Anti-Competitive Behaviour in the Supermarket Industry Targeted in New Code of Conduct

With anti-competitive behaviour within the supermarket industry in focus, the government has promised to accept all recommendations of a recent probe into the Food and Grocery Code of Conduct.

New obligations on supermarket chains will require them to treat their suppliers fairly, enforced by hefty fines. The mandatory code (once in place) would also police unreasonable demands or threats by supermarkets on suppliers and will apply to companies with an annual revenue of $5 billion which includes Woolworths, Coles, Aldi and Metcash.

A voluntary code in the supermarket industry has been in place but when former Labor minister Dr. Craig Emerson looked into it he realised it wasn’t doing its job and was quoted by ABC News as saying; “it had no penalties and no disputes raised after 2021.”

“So what it really means is that the supermarkets will need to treat their suppliers respectfully, and not use that bargaining power, their superior bargaining power, the muscle that they have, particularly over smaller suppliers.”

It’s unlikely consumers will see a direct effect on prices but the changes will benefit suppliers, meaning they could compete at lower prices.

In February, a report by former chair of the ACCC Allan Fels, commissioned by the peak trade union body the ACTU, found supermarkets were exploiting their market power in ways that hurt Australian households.

The ACCC is also conducting its own inquiry into supermarket prices, with its interim report due to be handed to the government by the end of August.

You can read more from the ABC here.

And to access a copy of the Release of the Final Report of the Review of the Grocery Code of Conduct from the government, head here.


What is Anti-Competitive Behaviour?


This refers to actions taken by a business or organisation to limit, restrict or eliminate competition in a market, usually in order to gain an unfair advantage or dominate the market.

As per the ACCC (Australian Competition & Consumer Commission) website, they share the following:

  • Competition leads to lower prices and more choice for consumers. It also inspires better quality products and services.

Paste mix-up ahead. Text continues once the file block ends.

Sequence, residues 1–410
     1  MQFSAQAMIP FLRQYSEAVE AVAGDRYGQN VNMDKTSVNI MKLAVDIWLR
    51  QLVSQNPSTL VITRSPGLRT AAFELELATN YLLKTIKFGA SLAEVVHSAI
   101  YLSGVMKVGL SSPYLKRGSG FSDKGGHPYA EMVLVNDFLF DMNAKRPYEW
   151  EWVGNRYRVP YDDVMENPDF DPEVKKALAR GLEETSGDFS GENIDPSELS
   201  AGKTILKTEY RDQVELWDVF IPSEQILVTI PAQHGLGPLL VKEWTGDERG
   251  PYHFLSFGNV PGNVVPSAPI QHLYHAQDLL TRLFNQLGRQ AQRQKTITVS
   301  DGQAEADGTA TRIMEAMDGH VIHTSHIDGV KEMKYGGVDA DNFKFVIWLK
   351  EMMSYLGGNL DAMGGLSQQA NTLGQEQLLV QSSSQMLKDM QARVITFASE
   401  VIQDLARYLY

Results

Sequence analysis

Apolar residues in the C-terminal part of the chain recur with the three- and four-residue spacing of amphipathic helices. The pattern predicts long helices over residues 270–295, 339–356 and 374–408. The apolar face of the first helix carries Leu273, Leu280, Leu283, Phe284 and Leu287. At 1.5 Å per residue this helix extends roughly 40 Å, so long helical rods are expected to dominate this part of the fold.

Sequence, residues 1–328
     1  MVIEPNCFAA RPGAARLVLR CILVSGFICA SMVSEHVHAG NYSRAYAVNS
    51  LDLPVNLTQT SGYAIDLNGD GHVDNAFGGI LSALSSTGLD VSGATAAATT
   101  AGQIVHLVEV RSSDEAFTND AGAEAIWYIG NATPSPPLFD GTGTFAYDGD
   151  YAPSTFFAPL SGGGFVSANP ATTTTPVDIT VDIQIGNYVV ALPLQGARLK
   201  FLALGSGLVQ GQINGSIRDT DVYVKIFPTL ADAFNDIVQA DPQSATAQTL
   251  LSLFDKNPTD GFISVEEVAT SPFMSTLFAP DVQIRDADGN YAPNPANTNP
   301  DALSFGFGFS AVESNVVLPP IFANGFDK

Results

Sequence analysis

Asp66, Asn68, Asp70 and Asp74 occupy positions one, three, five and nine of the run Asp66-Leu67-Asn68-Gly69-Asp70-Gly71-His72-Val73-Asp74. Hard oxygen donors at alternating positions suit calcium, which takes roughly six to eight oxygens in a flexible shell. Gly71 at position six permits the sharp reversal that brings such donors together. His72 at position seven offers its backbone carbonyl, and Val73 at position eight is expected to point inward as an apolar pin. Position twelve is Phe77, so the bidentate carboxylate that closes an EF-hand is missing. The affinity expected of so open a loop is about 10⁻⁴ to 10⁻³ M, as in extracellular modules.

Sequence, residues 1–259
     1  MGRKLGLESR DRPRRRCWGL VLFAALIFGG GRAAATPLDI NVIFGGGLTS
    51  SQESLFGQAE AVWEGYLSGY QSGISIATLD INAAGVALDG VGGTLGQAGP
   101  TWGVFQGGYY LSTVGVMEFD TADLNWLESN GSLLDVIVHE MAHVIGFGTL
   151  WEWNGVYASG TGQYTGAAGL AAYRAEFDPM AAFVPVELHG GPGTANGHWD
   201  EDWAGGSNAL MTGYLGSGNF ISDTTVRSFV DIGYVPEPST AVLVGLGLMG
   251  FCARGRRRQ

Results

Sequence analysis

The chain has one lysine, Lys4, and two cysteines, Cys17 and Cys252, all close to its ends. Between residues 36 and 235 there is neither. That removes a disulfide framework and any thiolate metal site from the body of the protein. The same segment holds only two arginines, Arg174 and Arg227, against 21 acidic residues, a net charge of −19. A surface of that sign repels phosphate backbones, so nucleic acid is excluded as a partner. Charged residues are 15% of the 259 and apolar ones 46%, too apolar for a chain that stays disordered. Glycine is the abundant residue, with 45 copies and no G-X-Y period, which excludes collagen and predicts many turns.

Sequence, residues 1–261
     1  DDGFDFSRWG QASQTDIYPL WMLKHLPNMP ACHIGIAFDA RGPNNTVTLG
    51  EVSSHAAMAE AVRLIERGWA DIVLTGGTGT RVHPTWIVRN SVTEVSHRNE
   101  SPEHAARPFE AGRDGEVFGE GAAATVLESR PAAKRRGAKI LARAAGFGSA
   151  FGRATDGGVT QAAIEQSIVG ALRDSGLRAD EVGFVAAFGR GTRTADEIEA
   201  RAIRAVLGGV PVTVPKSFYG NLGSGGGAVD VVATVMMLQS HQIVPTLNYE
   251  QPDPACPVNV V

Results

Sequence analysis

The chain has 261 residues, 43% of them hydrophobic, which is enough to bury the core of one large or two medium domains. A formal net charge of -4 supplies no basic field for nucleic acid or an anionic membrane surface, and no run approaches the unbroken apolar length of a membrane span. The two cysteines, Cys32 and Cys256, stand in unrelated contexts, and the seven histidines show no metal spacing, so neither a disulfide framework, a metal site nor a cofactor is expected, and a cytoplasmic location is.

• The Competition and Consumer Act 2010 bans business behaviours that damage competition.
  • It is illegal for businesses to collude in a cartel or to impose minimum resale prices.
  • A range of other behaviours break the law if they substantially lessen competition.
  • Businesses can seek an exemption for anti-competitive conduct.

For further reading on competition and anti-competitive behaviour, head to their webpage here.


What Happened During Covid?

Covid posed conditions for consumers that were not considered normal. When economic conditions operate as normal, the ACCC monitors anti-competitive conduct as outlined in Section 45 of the ‘Competition and Consumer Act.’ This act prohibits contracts, arrangements, understandings or concerted practices that have the purpose, effect or likely effect of substantially lessening competition in a market.

However, industry conditions impacted by the Covid-19 pandemic, meant the ACCC at the time authorised businesses that normally competed with one another to coordinate their activities and share resources in ways that would normally be illegal.

The big supermarket companies were allowed to work together to ensure shelves were stocked with food and groceries, the banks were permitted to jointly provide debt relief and medical equipment suppliers were authorised to work together to boost the supply of equipment needed to deal with the COVID-19 pandemic.

These anti-competitive practices usually result in inefficiency and higher prices for consumers.

But at the time, ACCC chair Rod Simms, said relaxing the rules was warranted for the moment.

“At a time of crisis such as in war or with a pandemic, where there is a common enemy to fight for the nation’s survival, and so a sense of national purpose, coordination is both efficient and carries little or no downside,” he said. He also added that coordination between competitors during this period will lead to “much better outcomes.”